From Data Breaches to BEC: The Connection Between Information Leakage and Fraud


Data breaches are caused by various mishaps, from weak passwords to more sophisticated techniques. When these breaches happen, they could have severe consequences for users.

One of the most concerning consequences is fraud—when cybercriminals use stolen data to commit crimes, especially Business Email Compromise (BEC).

Let’s explore the connection between data breaches and fraud, how cybercriminals steal your data, and what you can do to prevent and respond to a data breach:

What is a Data Breach?

A data breach is a security incident where sensitive or confidential information is accessed, copied, stolen, or used by an unauthorized individual. Cybercriminals could steal everything from login credentials to personal information.

Companies could fall victim to a data breach if their systems are infiltrated by criminals who gain access to their databases, servers, or networks.

How Cybercriminals Steal Your Data

Cybercriminals look for ways to exploit vulnerabilities in users’ online behavior.

They can use tactics like phishing emails—where a clicked malicious email or link tricks you into giving away sensitive information. Sometimes attackers pool information gained from multiple sources to create a complete profile of someone. Cybercriminals may even be able to purchase stolen data from dark web markets for use in future attacks.

It’s important to understand that everyone is a potential target for cybercriminals, be sure to remain vigilant to ensure that your data doesn’t fall into the wrong hands.

Using Your Information for Fraud

Once cybercriminals have your personal information through a data breach, they can then use it to carry out scams, fraud, and identity theft.

One of the most common scams is BEC. In this type of attack, scammers impersonate executives through email or other communication channels to convince employees to transfer money. Your personal data may even be used as complete identity theft, which can lead to unauthorized credit card and loan applications, tax fraud, and other financial crimes.

It’s important to remain aware of potential threats to your personally identifiable information (PII) and implement proper monitoring to avoid fraud.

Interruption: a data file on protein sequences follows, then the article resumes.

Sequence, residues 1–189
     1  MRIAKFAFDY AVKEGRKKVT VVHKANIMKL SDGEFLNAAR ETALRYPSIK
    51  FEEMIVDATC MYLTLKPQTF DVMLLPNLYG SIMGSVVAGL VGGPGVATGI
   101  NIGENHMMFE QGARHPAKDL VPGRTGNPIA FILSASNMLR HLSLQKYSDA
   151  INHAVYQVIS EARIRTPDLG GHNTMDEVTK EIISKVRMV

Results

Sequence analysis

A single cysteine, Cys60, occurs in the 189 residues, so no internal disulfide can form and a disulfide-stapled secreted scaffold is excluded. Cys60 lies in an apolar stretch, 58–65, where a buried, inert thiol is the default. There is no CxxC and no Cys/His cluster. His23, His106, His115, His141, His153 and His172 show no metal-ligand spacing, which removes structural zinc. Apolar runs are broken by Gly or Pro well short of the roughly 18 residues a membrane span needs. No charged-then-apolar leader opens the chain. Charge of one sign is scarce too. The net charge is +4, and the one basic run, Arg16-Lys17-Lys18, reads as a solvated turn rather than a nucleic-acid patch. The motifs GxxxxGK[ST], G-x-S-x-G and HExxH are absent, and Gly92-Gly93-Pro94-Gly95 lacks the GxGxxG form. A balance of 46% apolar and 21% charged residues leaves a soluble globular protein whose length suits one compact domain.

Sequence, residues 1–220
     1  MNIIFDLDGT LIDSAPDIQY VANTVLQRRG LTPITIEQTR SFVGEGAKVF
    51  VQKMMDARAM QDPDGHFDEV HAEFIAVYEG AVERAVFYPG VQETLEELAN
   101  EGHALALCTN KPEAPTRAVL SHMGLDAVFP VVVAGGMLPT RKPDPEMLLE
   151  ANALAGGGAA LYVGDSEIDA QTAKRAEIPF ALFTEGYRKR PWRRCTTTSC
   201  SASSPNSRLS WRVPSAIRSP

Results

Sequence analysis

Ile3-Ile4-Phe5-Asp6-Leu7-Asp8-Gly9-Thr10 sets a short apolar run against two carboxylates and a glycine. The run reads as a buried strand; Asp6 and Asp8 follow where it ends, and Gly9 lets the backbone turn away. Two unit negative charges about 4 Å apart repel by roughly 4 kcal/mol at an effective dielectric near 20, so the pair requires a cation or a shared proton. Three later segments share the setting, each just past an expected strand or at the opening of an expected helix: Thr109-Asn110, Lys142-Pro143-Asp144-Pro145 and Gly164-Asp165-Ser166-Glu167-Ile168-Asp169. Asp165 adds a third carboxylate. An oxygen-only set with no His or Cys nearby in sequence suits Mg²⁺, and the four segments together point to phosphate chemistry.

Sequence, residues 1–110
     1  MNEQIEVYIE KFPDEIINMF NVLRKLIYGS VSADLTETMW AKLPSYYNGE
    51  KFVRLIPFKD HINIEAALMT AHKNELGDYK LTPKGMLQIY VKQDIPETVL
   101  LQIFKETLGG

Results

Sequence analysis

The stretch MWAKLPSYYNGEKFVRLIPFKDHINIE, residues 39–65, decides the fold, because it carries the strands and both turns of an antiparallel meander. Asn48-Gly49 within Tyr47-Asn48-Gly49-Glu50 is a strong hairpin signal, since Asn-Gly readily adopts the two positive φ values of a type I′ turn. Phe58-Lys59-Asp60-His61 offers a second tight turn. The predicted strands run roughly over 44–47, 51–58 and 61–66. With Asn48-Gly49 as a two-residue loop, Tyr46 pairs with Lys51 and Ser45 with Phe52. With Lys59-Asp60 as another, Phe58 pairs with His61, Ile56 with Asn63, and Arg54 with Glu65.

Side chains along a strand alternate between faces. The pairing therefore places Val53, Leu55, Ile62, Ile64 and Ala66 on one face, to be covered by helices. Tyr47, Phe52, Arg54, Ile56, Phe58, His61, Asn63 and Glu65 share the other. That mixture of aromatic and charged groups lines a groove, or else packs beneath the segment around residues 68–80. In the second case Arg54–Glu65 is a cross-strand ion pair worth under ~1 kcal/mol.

Preventing a Data Breach

Preventing a data breach takes ongoing effort. However, there are some simple steps you can take immediately, such as:
Implement a policy requiring strong passwords and two-factor authentication for all accounts.
Ensure all software is up to date with the latest security patches.
Educate employees on best practices for data security, such as not sharing passwords or using public Wi-Fi networks.
Limit access to sensitive data to only those who need it for their job duties.
Monitor user activity and unusual network traffic for signs of suspicious activity.
Use encryption to protect stored and transmitted data from unauthorized access and tampering.
Regularly scan systems for malware and other malicious programs that could be used to gain access to sensitive information.
Utilize firewalls and other security measures to prevent unauthorized access from outside sources.

What to do if There’s Been a Data Breach

If you’re ever the victim of a data breach, there are several important steps to take:

Notify all affected individuals immediately and provide them with information on the breach and steps they can take to protect themselves.
Contact local law enforcement and file a report of the data breach.
Conduct an investigation to determine the cause of the breach and steps that can be taken to prevent future breaches.
Take immediate action to close any security gaps that may have allowed the breach to occur.
Change passwords for any accounts that may have been compromised in the data breach and update security protocols accordingly.
Monitor affected accounts for suspicious activity and take appropriate action if necessary.

Bottom Line

Cybersecurity is a moving target, so it’s essential to stay up to the game about the most recent and most effective ways to protect yourself, your data, your business, and your clients.

By understanding how data breaches and BEC fraud are connected, you may be better equipped to prevent security incidents and limit the damage if they do occur. Remember, always stay on the offense and put as many barriers between your data and would-be attackers as you can.


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